Should I have gone to an ATM machine and given him some more money, taking the risk of missing my train; losing the value of our pre-purchased tickets?
Should I have broken the budget and bought a meal right there and take the time to hang out with him? Maybe, find out more about what kind of help he might really need?
It was then that the Holy Spirit brought to my memory, the story of "The Good Samaritan" (See Luke 10:25-37). Honing in on the point that the story has become very cliche to many of us Christians. Its power totally lost on us as we get caught up in our busy and self-centered lives. For a moment, it dawned on me that the Spirit of the Lord has been wooing me towards awareness in this area of my life for some months now.
Lately, I have been encountering many people with a variety of needs that seem bigger than my perceived ability to help them. But it isn't that I am not able to help them. The challenge for me is that when I calculate what it's going to cost me to help, I decide that it is way beyond what I want to give up.
In retrospect, I am being forced to accept that there are some seasons of my life where
I get into a comfortable space and I only want to give when it feels easy.
Because I have given enough already.
I am too tired...
I am too busy...
Yet, God keeps drawing me to the notion that real loving involves being willing to help others even when it costs me more than I intend to expend. Real loving requires me to pause, even when I am busy - to see people and their needs; to listen to God's voice as he directs me how to help.
Sometimes, when I am required to help, it's going to be hard. I know this.
Too often, I find myself thinking twice about sacrificial giving. Losing valuable moments of learning how to love like Jesus did, and ultimately missing God's call to live a life of sacrifice in simple, everyday ways.
Do you sense that God is also motivating you to give more than you normally would?
Have you been listening and how have you answered His call?
Join the conversation below.
Share some of the ways how you notice God encouraging you to give more?
Until next time,
If your prefer to chat via email you can reach me here.
Now, there's a question I find myself asking more frequently than I should.
The last time it reared it's ugly head, I quickly retorted with a firm and memorable response that has stuck with me ever since.
"Ok, Kareen." I said to myself, as patiently as I could.
"I am going to say this to you as nicely as I can.
Do you eat every day?
Do you sleep every day?
Do you breathe every day?"
After a very long and deliberate pause...
Believe it or not, there was actually a time in my life,
when the notion of avoiding prayer, was NEVER an option in my life.
It didn't even come to my mind.
I used to talk to God about EVERYTHING!
You name it, I would say it.
I remember when I was in the fifth grade in elementary school and I got into a fight with another student. She ripped the pockets off my school uniform! Ugh! If you could only see my reaction in living color...
I was totally enraged. In those days, any uniform-wearing Jamaican child knew that if you showed up on your parents' door steps with any aspect of your clothing out of place, you were surely in for a remarkable beating! Or, was that just for the poor kids?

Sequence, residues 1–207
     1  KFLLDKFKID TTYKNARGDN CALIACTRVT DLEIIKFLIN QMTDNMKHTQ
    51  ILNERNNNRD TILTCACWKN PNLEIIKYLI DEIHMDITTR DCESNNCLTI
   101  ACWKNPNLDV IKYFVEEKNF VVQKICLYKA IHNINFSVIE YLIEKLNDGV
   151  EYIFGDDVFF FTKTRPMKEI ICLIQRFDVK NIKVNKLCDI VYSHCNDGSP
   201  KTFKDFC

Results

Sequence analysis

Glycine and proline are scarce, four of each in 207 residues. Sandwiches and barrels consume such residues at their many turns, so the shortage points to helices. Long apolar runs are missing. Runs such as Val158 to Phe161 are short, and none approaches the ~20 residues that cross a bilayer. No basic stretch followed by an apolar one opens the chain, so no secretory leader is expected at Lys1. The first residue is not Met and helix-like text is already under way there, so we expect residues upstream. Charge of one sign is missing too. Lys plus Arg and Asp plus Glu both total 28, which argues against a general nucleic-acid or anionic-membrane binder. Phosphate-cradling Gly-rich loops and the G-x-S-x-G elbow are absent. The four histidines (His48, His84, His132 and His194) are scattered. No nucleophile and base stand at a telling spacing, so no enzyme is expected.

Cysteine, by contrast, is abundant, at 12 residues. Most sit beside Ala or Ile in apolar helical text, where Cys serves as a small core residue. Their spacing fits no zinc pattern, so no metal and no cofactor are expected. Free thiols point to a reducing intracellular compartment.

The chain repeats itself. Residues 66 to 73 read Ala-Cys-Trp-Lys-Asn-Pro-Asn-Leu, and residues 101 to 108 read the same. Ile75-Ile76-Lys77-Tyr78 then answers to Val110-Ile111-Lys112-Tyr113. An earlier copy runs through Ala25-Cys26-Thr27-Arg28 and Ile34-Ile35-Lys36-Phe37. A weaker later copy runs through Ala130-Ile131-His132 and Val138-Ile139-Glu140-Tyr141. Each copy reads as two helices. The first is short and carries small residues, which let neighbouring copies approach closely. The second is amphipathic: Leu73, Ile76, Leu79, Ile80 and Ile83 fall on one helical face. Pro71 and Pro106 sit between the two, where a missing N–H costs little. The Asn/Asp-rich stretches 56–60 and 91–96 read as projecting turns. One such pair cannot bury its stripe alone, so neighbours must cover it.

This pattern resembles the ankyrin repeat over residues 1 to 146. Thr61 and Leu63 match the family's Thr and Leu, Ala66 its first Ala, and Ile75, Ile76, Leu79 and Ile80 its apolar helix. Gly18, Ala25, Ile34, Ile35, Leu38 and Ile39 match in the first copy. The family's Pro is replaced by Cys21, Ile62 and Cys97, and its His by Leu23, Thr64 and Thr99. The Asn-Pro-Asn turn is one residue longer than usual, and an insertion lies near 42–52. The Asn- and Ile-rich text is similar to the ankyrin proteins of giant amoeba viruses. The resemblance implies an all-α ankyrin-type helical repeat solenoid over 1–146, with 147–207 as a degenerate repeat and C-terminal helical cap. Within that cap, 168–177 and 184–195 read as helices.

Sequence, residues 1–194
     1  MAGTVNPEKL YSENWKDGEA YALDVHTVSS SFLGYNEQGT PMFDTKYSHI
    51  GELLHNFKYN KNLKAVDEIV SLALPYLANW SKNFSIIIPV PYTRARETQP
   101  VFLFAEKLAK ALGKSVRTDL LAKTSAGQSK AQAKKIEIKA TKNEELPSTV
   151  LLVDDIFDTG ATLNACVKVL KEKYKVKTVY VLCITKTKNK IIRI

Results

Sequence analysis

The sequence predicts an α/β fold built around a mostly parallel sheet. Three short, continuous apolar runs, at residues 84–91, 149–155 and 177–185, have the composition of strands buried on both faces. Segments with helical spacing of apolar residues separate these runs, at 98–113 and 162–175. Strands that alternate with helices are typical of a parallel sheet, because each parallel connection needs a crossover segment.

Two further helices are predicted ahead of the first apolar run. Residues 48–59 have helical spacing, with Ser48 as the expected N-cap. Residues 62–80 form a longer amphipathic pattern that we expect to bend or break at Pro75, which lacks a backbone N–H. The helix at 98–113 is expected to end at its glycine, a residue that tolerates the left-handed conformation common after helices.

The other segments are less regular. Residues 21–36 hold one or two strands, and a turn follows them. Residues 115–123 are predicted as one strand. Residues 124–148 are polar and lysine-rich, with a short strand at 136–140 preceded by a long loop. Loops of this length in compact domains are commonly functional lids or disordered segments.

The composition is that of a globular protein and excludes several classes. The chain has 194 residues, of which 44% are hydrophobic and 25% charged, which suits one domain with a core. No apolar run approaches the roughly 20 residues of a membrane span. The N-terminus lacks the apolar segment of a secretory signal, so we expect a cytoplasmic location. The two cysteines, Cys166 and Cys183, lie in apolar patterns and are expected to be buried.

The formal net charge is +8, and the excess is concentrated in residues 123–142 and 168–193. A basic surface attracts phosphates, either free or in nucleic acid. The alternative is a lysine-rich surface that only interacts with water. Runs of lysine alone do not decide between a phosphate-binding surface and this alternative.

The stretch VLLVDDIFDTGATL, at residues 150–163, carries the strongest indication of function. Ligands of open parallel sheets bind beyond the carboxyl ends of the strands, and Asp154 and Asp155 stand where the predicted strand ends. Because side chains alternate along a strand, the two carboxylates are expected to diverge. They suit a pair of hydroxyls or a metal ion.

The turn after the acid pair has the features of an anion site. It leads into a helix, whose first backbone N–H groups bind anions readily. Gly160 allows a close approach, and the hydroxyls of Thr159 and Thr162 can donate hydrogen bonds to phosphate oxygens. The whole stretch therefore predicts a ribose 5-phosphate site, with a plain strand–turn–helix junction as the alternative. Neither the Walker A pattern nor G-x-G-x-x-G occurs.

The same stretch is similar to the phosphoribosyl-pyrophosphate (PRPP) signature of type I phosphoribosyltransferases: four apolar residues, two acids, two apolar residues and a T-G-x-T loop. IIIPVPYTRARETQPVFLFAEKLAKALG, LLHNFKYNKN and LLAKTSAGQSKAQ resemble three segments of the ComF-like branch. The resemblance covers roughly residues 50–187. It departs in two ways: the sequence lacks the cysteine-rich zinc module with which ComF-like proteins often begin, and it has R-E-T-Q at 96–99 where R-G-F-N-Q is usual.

Needless to say, I was mad and I couldn't wait to get home to have a very firm conversation with God about how I was going to resolve the issue of the torn uniform and to find out if He was excited about the way I gave this girl "a good beating" for doing the wrong thing.
So, yes that's just a tiny example of the length and breadth of my conversations with God as a child.
But as you may have guessed, the nature of my prayers
soon became more complex the older I got.
The more complex the life issue, the more difficult the conversation.
And, by the time I became a teenager, some days, I just did not feel like talking to God. I was too angry at Him; or too disappointed or hurt.
When it got so bad, that it hurt too much to be away from the one Person I truly considered to be my Best Friend, I would just sit with Him and cry. No words. Just tears.
Many times, I would simply walk away and go about my day, as usual. Feeling trapped that I didn't want to be with Him but felt equally lonely without Him. Sigh.
These days my prayers are sometimes still the same. But now, more than ever, I crave to be in God's presence. Our relationship has mellowed beyond friendship, I have finally gotten to the place where I cannot live without Him. My life genuinely makes no sense without Him.
I have come to appreciate that Jesus' rhythmic approach to prayer
is not a suggestion of how one's prayer life should be.
It was a necessity. For Him to live life the way He did, He had to be in intimate contact with God several times throughout the day.
He said there was absolutely nothing He did without His Fathers approval. (See: John 5:19-20, John 5:30, John 8:28, John 12:49)
How did He know if the Father approved or disapproved? He stayed completely connected to the Father through regular communication with Him by means of prayer.
How could He survive some of the encounters He had on earth, with the people He had to deal with? You may have already seen, in Matthew 21:12-13, that Jesus got angry sometimes, just like you and I.
We all know that people did "stupid stuff" around Him all the time. So what do you think stopped Him from doing "stupid things" that pushed people away from Him?
It was prayer.
Being in communion with His Father always, kept Him from yielding to circumstances that could deteriorate His relationships with others, we call them temptations sometimes.
So, if Jesus prayed to sustain every aspect of His life, why shouldn't I pray?
Join the conversation below. Tell me what are some of the things that make you hesitant to pray? In what ways do you find yourself avoiding God?
Until next time,
If your prefer to chat via email you can reach me here.